Greenway Downs

A Community Since 1942

HISTORY of Greenway Downs

Greenway Downs has a rich and vibrant, documented history. Our history is documented and captured below, thanks primarily to former Greenway Downs resident Sara Kelly. Sara spent time going through GDCA records and numerous public library archives to pull together the history of Greenway Downs. Some of the material comes from the Fairfax County Library Archives, where two boxes of GDCA materials were donated in 1995. The boxes contained most of the GDCA Minutes of Meetings from 1952-1992, and the Downs Newsletter from 1963-1990. The entire collection (Accession #1995.002) can be found in the Virginia Room  in the Fairfax County Library.

Read below for more!

Earliest Greenway Downs Record:

The earliest record that our local volunteer historian could find of ownership of Greenway Downs is a reference to a property deed dated October 20, 1797 that was stolen by Union soldiers from the Dulany plantation house in 1861.

The history of how Greenway Downs was shaped can be divided into 3 distinct phases: 


3 Phases of Greenway Downs:

Phase 1, The Dulany Family:

During the pre-civil war days our 109 acres was just an insignificant part of a much, much larger tract of farmland owned by the Dulany family of  Welbourne, Loudoun County. The Civil War destroyed much of the farm land around Falls Church and the economic realities of  the civil war and reconstruction forced John Dulany to divide his vast tracts of land into smaller tracts and sell them off to various buyers. Click here to learn more!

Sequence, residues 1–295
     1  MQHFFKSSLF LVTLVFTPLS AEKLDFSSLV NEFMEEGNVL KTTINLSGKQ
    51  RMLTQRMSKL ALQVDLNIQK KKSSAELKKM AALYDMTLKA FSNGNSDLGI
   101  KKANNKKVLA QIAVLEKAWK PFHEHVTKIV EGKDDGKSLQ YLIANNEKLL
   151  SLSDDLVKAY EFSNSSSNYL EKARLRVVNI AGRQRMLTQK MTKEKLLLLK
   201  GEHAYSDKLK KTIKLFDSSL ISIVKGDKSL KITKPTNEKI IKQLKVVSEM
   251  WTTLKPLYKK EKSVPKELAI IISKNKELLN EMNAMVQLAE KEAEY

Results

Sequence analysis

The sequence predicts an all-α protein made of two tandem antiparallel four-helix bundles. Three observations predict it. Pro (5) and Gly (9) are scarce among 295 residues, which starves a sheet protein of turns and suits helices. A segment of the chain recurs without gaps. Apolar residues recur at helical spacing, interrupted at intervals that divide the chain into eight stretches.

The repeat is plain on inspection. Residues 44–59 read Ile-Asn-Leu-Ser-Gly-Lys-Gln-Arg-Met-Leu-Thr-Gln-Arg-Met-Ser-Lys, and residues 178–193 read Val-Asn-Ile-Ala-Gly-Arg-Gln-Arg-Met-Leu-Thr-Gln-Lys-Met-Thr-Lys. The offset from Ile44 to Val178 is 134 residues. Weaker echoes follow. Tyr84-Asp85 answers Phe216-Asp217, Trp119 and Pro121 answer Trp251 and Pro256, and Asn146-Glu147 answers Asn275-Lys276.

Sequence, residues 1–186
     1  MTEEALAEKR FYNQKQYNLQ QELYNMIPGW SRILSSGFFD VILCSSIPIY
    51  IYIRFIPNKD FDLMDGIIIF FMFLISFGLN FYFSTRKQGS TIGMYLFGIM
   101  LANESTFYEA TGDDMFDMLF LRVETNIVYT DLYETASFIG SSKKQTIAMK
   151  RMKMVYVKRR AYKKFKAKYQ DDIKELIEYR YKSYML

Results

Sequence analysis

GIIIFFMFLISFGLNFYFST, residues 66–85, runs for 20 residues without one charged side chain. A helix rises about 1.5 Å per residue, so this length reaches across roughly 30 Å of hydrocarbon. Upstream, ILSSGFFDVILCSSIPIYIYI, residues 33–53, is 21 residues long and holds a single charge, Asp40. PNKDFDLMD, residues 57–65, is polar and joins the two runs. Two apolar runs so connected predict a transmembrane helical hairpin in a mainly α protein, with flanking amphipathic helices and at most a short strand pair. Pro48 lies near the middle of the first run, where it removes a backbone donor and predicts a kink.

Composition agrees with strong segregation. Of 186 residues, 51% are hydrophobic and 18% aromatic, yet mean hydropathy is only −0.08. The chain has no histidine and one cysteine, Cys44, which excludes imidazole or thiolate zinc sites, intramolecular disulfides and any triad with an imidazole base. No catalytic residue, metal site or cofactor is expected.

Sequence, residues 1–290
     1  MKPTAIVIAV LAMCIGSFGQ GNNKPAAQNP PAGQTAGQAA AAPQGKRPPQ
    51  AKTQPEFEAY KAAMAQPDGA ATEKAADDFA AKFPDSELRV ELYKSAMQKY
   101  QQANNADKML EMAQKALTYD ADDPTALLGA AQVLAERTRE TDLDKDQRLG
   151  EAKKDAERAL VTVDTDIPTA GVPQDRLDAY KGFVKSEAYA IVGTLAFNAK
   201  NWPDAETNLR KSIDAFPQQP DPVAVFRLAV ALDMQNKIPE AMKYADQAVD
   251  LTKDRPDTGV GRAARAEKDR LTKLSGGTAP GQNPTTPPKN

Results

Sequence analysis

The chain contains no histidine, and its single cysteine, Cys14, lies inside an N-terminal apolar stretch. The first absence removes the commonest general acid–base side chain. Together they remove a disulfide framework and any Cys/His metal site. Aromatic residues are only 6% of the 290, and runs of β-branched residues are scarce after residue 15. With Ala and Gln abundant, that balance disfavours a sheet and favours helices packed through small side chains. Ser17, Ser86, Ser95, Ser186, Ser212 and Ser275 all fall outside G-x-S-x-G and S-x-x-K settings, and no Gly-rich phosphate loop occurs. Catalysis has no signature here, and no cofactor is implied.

Phase 2, The Tripp Family

In 1868,  Silas Tripp, of Dutchess County, New York bought 300 acres of the Dulany property, which included our present day 109 acres. For the next 40 years, Silas Tripp worked the acreage as a dairy  farm and built Tripp's quarry as a side business.

Percy Tripp, Silas's only living child, inherited the farm, the house and the quarry in 1911. However, Percy was a well-educated young man and was serving as missionary in China and rather than come home and farm,  turned the farm and quarry over to a property manager. By  1924 the farm and the quarry were insolvent and were a forced cash sale at auction. Click here to learn more!

In between Silas Tripp's purchase and Percy's inheritance of the farm, in 1887, the Town of Falls Church voted to retrocede about one-third of their territory back to Fairfax County. From Falls Church records: "The area retroceded was the southern half of the Greenway Downs neighborhood, adjacent to and south of Route 29, South Washington Street. At the time, the neighborhood was largely African American and voted predominately Republican. The Town leadership voted predominately Democrat. The action to retrocede half of the Greenway Downs community gerrymandered the Town boundaries such that Democratic control of the Town was strengthened and African Americans influence in the Town was reduced.  Click here to learn more. 

Phase 3, Ruby Lee Minar: